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Front. Immunol., 25 February 2021
Sec. Cancer Immunity and Immunotherapy
This article is part of the Research Topic T Cell Therapy for CNS Tumors View all 6 articles

Case Report: Reversible Neurotoxicity and a Clinical Response Induced by BCMA-Directed Chimeric Antigen Receptor T Cells Against Multiple Myeloma With Central Nervous System Involvement

Ying Zhang,&#x;Ying Zhang1,2†Changfeng Zhang,&#x;Changfeng Zhang3,4†Jin Zhou,Jin Zhou1,2Jingren Zhang,Jingren Zhang1,2Xiaochen Chen,Xiaochen Chen1,2Jia Chen,Jia Chen1,2Pu Wang,Pu Wang1,2Xiuli SunXiuli Sun4Xiaoyan LouXiaoyan Lou4Wei QiWei Qi5Liqing KangLiqing Kang5Lei YuLei Yu5Depei Wu,&#x;Depei Wu1,2‡Caixia Li,*&#x;Caixia Li1,2*‡
  • 1Jiangsu Institute of Hematology, The First Affiliated Hospital of Soochow University, Suzhou, China
  • 2Institute of Blood and Marrow Transplantation, Collaborative Innovation Center of Hematology, Soochow University, Suzhou, China
  • 3Department of Cell Therapy, Livzon Mabpharm, Inc., Zhuhai, China
  • 4UniCar Therapy, Ltd., Shanghai, China
  • 5School of Chemistry and Molecular Engineering, East China Normal University, Shanghai, China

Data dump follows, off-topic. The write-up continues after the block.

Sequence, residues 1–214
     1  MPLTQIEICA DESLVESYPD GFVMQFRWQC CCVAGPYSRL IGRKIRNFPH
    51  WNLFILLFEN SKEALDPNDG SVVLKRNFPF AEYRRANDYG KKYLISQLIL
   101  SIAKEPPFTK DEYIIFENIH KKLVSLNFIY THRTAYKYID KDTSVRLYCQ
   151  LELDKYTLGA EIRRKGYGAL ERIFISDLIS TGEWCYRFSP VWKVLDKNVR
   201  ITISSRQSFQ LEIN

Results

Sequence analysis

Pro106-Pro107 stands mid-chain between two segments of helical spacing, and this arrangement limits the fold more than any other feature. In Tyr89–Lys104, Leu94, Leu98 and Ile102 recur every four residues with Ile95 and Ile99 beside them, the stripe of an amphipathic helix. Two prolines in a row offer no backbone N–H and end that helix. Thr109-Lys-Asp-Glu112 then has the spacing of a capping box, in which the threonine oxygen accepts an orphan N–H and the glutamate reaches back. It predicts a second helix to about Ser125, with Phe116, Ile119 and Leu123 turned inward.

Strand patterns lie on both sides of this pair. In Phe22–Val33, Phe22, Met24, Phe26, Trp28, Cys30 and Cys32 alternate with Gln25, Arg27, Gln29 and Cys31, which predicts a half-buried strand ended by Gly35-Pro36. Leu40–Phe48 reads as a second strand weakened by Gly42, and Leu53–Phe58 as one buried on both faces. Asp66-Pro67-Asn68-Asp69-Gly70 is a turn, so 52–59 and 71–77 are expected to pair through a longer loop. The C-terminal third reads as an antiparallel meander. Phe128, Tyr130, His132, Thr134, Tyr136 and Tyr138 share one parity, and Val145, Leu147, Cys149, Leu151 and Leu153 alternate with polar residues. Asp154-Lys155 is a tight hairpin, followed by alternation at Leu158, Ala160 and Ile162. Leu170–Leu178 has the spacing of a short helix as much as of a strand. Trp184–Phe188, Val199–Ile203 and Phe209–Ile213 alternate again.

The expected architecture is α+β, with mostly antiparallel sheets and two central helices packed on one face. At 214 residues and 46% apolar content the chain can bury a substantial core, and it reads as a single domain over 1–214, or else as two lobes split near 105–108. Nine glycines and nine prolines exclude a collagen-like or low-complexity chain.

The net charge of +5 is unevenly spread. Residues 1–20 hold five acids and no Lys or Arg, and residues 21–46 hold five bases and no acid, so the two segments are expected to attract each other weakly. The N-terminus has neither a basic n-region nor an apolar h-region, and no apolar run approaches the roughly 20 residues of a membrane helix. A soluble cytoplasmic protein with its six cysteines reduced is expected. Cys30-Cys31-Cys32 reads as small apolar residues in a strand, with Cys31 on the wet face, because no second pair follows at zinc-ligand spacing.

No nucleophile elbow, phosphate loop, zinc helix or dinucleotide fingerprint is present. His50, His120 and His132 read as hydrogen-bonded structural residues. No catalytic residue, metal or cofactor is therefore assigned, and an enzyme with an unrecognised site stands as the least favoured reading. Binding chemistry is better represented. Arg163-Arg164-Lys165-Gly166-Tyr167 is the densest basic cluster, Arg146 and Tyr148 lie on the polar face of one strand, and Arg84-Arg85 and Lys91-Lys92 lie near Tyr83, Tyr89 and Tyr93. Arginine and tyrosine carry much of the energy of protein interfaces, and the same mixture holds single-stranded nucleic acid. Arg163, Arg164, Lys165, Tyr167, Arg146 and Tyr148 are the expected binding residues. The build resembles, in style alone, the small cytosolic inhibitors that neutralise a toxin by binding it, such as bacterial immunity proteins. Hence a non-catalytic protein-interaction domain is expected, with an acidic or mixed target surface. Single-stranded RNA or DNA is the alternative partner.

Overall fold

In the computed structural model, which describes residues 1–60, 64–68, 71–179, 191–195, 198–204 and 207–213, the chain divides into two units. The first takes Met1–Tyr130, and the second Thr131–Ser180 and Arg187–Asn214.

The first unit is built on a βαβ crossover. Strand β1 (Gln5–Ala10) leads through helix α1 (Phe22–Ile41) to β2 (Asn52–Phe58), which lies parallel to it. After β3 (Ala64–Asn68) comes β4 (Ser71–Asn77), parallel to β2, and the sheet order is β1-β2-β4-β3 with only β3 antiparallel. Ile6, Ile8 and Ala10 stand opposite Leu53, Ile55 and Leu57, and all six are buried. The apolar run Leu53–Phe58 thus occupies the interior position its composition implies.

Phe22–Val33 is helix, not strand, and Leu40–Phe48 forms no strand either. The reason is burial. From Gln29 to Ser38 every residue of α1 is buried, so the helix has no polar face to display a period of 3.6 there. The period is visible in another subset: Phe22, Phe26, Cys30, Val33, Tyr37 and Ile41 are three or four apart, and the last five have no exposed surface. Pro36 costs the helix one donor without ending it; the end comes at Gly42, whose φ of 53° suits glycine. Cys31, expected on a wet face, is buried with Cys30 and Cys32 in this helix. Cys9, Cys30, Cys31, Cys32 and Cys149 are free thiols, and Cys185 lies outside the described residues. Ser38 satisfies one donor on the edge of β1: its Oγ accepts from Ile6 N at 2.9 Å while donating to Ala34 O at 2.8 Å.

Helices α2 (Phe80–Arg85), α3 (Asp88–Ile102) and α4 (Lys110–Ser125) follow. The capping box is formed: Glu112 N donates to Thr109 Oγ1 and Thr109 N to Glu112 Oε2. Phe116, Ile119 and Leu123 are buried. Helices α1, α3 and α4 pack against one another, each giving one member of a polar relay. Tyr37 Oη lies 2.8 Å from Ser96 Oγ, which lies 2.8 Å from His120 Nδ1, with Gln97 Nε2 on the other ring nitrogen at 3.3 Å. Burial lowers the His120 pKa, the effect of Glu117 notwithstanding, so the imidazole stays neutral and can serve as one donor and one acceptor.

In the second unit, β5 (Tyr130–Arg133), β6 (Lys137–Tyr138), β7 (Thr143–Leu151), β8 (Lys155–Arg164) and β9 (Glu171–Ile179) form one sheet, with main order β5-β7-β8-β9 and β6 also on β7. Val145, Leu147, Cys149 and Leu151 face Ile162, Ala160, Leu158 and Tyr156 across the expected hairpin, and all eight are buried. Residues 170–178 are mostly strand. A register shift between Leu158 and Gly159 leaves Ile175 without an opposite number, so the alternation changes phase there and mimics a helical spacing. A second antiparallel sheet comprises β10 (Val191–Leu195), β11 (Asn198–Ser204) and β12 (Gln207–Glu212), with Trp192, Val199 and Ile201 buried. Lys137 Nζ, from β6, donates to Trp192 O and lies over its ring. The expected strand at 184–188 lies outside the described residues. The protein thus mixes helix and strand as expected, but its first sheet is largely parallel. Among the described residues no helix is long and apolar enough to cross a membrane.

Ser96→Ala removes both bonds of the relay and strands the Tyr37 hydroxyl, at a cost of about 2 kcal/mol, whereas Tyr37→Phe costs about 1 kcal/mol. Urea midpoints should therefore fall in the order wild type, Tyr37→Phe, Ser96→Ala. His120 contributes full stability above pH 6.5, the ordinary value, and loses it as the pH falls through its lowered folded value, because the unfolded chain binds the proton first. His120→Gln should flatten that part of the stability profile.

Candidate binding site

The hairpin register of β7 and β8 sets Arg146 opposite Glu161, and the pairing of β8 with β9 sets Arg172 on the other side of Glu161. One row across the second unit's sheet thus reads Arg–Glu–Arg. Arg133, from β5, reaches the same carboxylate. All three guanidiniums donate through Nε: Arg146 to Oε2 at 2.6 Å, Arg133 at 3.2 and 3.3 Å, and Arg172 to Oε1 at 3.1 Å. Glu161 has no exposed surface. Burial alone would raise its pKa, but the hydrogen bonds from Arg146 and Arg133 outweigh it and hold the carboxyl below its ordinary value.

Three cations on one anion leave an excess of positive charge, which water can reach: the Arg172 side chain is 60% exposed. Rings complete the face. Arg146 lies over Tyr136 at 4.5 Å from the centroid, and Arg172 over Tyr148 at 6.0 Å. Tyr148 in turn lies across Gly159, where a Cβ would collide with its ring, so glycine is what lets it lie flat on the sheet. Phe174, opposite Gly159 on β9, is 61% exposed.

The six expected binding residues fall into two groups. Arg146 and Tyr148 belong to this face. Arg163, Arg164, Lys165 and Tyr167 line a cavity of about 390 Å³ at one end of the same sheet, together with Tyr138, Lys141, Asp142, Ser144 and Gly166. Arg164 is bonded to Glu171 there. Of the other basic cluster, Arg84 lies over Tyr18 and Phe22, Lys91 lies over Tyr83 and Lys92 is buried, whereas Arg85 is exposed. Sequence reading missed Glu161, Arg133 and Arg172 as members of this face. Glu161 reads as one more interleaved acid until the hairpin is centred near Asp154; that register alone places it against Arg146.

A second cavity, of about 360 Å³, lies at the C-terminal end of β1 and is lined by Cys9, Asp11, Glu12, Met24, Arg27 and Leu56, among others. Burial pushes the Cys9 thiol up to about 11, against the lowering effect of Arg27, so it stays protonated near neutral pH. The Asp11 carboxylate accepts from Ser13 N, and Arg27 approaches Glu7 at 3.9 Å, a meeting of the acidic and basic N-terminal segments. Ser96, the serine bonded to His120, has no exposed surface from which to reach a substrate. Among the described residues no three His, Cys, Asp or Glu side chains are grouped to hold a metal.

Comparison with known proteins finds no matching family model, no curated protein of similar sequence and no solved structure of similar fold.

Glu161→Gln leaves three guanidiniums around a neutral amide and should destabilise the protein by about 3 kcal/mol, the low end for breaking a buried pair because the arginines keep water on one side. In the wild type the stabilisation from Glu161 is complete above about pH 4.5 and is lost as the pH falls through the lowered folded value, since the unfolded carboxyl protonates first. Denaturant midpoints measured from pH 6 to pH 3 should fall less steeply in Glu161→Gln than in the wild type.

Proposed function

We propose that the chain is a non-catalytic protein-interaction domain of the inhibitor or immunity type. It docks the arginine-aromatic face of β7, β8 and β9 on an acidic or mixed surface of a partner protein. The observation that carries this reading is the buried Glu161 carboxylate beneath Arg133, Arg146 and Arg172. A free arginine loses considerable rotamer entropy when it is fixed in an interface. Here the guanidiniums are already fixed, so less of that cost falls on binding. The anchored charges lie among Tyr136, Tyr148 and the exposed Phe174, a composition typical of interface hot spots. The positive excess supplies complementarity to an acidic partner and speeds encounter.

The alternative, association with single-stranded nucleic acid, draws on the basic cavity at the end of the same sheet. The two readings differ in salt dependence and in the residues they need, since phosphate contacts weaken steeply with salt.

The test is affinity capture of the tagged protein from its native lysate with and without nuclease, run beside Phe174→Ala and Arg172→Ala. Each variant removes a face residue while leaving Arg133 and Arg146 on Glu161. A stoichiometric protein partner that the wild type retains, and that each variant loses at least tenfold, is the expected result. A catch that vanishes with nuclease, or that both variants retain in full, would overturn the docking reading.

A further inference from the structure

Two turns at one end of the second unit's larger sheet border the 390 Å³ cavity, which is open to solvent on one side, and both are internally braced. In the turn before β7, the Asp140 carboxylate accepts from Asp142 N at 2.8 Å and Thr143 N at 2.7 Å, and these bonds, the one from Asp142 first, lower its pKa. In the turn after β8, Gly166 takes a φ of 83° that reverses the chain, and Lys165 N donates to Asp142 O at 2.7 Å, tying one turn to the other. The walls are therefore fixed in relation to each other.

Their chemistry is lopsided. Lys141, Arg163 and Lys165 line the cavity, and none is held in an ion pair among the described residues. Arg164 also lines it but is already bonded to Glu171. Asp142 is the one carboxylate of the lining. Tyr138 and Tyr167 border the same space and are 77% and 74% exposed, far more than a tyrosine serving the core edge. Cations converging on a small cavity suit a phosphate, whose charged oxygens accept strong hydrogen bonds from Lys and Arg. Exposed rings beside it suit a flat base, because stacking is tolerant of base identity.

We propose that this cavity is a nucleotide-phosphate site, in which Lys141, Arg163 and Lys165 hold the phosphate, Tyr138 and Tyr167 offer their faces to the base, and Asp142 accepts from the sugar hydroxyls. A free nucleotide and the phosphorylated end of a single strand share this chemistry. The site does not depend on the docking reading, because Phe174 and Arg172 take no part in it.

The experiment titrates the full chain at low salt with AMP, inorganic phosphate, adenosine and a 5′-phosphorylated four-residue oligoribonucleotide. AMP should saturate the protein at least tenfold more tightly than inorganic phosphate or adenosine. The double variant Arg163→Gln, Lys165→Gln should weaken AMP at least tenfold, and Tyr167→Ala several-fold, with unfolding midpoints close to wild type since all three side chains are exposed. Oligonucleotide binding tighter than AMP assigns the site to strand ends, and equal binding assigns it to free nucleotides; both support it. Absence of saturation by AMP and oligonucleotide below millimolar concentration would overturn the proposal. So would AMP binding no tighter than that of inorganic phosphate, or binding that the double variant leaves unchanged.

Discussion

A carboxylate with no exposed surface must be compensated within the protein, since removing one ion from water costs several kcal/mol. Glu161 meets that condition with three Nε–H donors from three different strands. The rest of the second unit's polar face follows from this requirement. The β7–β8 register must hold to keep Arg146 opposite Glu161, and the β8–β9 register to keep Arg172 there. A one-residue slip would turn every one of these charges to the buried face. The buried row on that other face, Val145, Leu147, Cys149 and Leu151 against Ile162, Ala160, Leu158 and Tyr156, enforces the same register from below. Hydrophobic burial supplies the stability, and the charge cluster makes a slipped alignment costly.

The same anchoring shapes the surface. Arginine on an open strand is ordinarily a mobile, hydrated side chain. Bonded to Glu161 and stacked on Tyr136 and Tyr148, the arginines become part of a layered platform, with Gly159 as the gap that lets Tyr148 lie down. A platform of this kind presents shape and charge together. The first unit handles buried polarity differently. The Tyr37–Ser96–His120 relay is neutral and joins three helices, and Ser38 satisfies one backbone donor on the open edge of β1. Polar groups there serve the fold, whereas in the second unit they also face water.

Isolated central nervous system involvement in multiple myeloma (CNS-MM) is rare and carries extremely poor prognosis. Chimeric antigen receptor T cell therapy (CART) targeting B-cell maturation antigen (BCMA) is demonstrated as a promising strategy in MM treatment, but the clinical safety and efficacy of BCMA-CART against isolated CNS-MM remain elusive. Here we report on a 56-year-old male with refractory isolated CNS-MM who received autologous BCMA-CART therapy and developed grade 4 neurological complications. Cerebrospinal fluid (CSF) analyses showed significant expansion of CART cells and a substantially elevated interleukin-6 (IL-6) level. Intravenous methylprednisolone was administered and the symptoms resolved gradually. Unexpectedly, the level of IL-6 in the CSF was maintained for another 3 days even after the relief of the neurological symptoms. A partial response was achieved and sustained for 5.5 months. This is the first report describing a patient with isolated CNS-MM treated using BCMA-CART therapy. The results demonstrated that BCMA-CART cells administered intravenously trafficked into the CSF, eradicated tumor cells, and induced severe but reversible neurological adverse events. This single-patient report suggests that BCMA-CART therapy can be considered as an alternative option for isolated CNS-MM.